Thursday, December 8, 2016

Communications Assistance for Law Enforcement Act (CALEA)

Sunday, December 4, 2016

LMI2933 LAMIA AVRO RJ85 Medellín Deadstick

LMI2933 approach to SKRG.  The airplane position is plotted as a function of time (where it effectively flows to the left). The airplane initially arrived with conceivably enough fuel to complete the approach and landing safely.  The airplane entered a holding pattern and on the back side of the second circuit departed the holding pattern with apparently total engine failure.

Wednesday, November 9, 2016

Galloping Gertie

The Tacoma Narrows Bridge opened to fanfare in July, 1940 having been constructed over the previous two years as a Public Works Administration Project.  The bridge donned the name "galloping gertie" during construction, giving to its narrow profile and insufficient stiffness. The bridge famously collapsed on Nov. 7, 1940.

“Pence Plane” EA3452 Overrun

Wednesday, October 12, 2016

FCC 15.247 (c) 2 Smart Antenna Systems - Powering Line-of-Site Aeronautical Communications

The FCC issued Report and Order 04-165 on July 12, 2004.  The Smart Antenna System (SAS), capable of forming multiple antenna beams, forged a pathway to frequency reuse and ultimately powers the unlicensed air-to-ground networks being developed by SmartSky Networks and Gogo.  A review of the FCC 15-247 offers an understanding of an overall system architecture and performance estimates.

Wednesday, September 28, 2016

Using Unlicensed Spectrum for Air-to-Ground Networks

Gogo has announced an initiative to utilize unlicensed spectrum to power an new Air-to-Ground (ATG) network.  They profess a beam-forming network deployed to their 200 plus ground stations will deliver 100 Mbps.  I believe that it is possible both Gogo and SmartSky are pursuing a similar technology.  The following is my analysis on SmartSky, to which it may relate to Gogo ATG as well.

Monday, September 26, 2016

Bluetooth Low Energy - Guiding our Way in the Future

Bluetooth Low Energy (BLE) refers to a low power broadcast mode commonly referred to as a beacon (Bluetooth beacon, iBeacon).  BLE broadcast is a limited protocol intended to be received only by proximate user devices (less than 100 meters).  The beacon presents "effectively" a unique serial number.  An application can lookup the location of a beacon by its serial number.  An application can use the BLE beacon-derived position to trigger appropriate actions.

Saturday, September 24, 2016

Aircraft Tracking using ADS-B - We've come a long ways!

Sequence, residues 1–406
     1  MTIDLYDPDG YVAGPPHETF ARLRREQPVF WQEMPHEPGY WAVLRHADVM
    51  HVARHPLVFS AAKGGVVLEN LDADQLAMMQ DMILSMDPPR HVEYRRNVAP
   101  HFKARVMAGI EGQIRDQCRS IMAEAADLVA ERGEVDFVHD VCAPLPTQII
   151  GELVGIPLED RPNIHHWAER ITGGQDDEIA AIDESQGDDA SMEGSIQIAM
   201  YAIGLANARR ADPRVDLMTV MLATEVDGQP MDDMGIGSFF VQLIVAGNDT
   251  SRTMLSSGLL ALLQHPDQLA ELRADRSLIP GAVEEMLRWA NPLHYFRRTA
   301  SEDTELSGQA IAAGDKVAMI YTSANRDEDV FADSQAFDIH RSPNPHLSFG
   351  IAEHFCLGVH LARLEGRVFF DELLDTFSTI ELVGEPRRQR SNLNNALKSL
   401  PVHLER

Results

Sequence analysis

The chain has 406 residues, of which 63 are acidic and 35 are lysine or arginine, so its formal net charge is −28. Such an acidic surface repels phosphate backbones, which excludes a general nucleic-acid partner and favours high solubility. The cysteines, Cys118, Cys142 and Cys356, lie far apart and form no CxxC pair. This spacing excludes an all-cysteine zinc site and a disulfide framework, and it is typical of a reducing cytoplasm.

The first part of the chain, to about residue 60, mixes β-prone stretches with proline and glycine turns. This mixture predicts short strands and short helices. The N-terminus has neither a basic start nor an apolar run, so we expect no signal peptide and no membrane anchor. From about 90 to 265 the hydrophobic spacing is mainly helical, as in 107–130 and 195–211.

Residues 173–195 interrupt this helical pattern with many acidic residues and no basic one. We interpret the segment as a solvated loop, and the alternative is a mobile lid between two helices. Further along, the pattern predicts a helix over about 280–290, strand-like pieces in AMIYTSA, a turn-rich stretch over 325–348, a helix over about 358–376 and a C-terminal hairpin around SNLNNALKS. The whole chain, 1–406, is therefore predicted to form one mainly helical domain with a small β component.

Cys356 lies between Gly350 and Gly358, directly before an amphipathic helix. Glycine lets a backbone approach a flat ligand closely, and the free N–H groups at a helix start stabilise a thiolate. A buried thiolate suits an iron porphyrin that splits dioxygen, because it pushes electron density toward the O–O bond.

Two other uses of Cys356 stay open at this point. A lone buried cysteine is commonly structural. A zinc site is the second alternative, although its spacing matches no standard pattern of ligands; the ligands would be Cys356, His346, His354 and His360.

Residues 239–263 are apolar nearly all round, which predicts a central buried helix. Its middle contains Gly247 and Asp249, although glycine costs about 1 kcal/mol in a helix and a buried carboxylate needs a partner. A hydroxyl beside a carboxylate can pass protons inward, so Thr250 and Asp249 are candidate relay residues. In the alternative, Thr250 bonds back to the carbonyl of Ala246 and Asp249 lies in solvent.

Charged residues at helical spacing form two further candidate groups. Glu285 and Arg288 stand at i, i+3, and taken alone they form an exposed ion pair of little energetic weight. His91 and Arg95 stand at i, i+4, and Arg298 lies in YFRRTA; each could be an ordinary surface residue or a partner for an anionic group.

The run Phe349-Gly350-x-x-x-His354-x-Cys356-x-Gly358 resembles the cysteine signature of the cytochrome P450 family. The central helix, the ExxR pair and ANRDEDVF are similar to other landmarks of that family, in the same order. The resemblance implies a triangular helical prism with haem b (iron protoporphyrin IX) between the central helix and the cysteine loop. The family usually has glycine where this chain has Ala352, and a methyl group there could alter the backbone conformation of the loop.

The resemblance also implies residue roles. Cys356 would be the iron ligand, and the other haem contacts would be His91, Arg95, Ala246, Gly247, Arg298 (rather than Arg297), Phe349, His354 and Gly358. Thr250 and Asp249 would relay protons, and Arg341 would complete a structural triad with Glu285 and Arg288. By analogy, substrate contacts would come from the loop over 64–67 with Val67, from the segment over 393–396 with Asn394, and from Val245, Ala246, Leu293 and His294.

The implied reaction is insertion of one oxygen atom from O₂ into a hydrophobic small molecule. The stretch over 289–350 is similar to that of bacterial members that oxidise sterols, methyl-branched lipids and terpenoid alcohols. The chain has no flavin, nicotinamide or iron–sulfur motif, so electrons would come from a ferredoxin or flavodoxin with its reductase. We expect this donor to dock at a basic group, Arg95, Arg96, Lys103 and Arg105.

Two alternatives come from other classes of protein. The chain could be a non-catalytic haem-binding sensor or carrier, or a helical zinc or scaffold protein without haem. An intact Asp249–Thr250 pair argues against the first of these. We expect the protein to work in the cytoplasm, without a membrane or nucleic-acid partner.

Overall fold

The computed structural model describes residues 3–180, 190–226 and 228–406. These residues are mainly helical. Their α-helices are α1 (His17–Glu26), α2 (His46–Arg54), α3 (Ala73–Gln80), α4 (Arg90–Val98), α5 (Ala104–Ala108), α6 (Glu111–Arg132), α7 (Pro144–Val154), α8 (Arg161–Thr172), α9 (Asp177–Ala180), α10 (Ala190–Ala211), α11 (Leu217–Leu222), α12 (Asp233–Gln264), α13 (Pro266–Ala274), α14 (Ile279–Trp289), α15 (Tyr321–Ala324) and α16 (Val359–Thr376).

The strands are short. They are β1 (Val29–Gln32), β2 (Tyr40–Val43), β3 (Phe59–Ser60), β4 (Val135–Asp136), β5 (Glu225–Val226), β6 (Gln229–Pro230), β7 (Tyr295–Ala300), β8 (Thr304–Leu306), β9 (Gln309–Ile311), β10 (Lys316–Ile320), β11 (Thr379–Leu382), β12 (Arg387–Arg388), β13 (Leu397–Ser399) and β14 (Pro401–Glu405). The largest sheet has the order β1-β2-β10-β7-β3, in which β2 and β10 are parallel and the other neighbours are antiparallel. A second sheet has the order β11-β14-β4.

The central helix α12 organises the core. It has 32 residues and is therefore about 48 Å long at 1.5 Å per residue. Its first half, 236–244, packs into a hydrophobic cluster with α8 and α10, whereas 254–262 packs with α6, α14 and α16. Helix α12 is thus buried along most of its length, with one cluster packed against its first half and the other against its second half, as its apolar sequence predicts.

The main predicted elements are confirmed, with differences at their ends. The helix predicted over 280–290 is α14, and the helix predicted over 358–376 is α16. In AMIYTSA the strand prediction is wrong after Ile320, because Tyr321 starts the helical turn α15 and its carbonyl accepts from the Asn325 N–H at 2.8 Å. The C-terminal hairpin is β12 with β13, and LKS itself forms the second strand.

Automatic Dependent Surveillance - Broadcast, or ADS-B, is revolutionizing Air Traffic Control.  With some minor enhancements to the aircraft transponder, space-based ADS-B can become the cornerstone of an ICAO Autonomous Distress Tracking service, mandated for new aircraft starting in 2021.  Such an installation may also allow the removal of one of the required Emergency Locator Transmitters.   The use of satellite data link and navigation together with ADS-B are powering emerging Performance Based Navigation initiatives as well.
Aireon Space-based ADS-B

Wednesday, August 3, 2016

ADS-B Telemetry from EK521

Within minutes of the incident, published a time history of the ADS-B transponder transmissions from EK521.
REVISED with a closer look at the last 32 seconds and adding in position data.
REVISED with a summary plus a look at earlier arrivals wind effects
REVISED with the revelation that EK545, arriving ahead of EK521, had similar speed profile
REVISED with Boeing 777 procedures at end

Friday, June 24, 2016

Cybersecurity and Phased Arrays - PP848 and PP792

The Ku/Ka satcom subcommittee met the last two weeks to progress the latest AEEC standards and characterstics defining secure broadband connections and satcom equipment.  Airbus expects to use PP848 for securing non-safety communications, bringing an unexpected urgency to completion of IPSec end-end functional definitions. PP848 will offer an optional means to segregate both passenger and non-safety aeronautical communications with a commercial broadband radio, such as Ku/Ka satcom.  PP792 builds upon ARINC 791 to characterize emerging flat-panel antennas, especially phased array antennas, as well supplier-specific guidance for installing antenna systems using either 791 or PP792.

Wednesday, June 8, 2016

Aviation Data Link - Security, Segmentation, QoS

Beginning in 1978, aircraft data link emerged using a VHF network named ACARS (Aircraft Communication, Addressing and Reporting System).  ACARS is a purpose-built, store-and-forward, character-based, messaging service.  Within just over ten years, ACARS was extended to Inmarsat L-band satcom and HF radio.  Five years later (1995) ACARS was delivering Air Traffic clearances. Today Iridium SBD (short-burst data) and even cellular radios communicate ACARS messages. How is the industry migrating to embrace and secure IP networks, and will ACARS ever go away? How are broadband radios being applied to support airplane health monitoring or EFB?

Saturday, May 21, 2016

Air Safety Investigation

The first and foremost response to any incident is rapid rescue and for sympathy to victims, survivors, and those that loved them.

Timely alerting and accurate aircraft position is the key to rapid response.

Moving beyond rescue becomes recovery.  At this point the motivation is to collect the remains of those lost and as much of the airplane itself.  Assembly of the airplane parts into a skeleton gives a foundation to check and verify various failure scenarios.